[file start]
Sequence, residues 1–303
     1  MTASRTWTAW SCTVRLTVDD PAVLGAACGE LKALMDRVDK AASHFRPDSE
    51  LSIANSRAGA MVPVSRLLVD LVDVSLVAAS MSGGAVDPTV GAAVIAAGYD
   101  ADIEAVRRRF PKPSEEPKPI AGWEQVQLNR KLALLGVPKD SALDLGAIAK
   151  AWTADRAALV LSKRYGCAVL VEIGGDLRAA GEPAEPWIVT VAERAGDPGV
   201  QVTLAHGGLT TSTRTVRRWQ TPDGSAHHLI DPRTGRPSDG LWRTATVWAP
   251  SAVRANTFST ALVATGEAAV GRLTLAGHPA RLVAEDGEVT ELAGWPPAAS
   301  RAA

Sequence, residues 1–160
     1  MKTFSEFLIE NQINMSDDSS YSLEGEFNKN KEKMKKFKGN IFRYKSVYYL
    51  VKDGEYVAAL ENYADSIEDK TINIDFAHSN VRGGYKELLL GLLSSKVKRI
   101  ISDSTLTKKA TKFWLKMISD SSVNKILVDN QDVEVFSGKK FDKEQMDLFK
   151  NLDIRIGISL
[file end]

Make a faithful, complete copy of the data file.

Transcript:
Sequence, residues 1–303
     1  MTASRTWTAW SCTVRLTVDD PAVLGAACGE LKALMDRVDK AASHFRPDSE
    51  LSIANSRAGA MVPVSRLLVD LVDVSLVAAS MSGGAVDPTV GAAVIAAGYD
   101  ADIEAVRRRF PKPSEEPKPI AGWEQVQLNR KLALLGVPKD SALDLGAIAK
   151  AWTADRAALV LSKRYGCAVL VEIGGDLRAA GEPAEPWIVT VAERAGDPGV
   201  QVTLAHGGLT TSTRTVRRWQ TPDGSAHHLI DPRTGRPSDG LWRTATVWAP
   251  SAVRANTFST ALVATGEAAV GRLTLAGHPA RLVAEDGEVT ELAGWPPAAS
   301  RAA

Sequence, residues 1–160
     1  MKTFSEFLIE NQINMSDDSS YSLEGEFNKN KEKMKKFKGN IFRYKSVYYL
    51  VKDGEYVAAL ENYADSIEDK TINIDFAHSN VRGGYKELLL GLLSSKVKRI
   101  ISDSTLTKKA TKFWLKMISD SSVNKILVDN QDVEVFSGKK FDKEQMDLFK
   151  NLDIRIGISL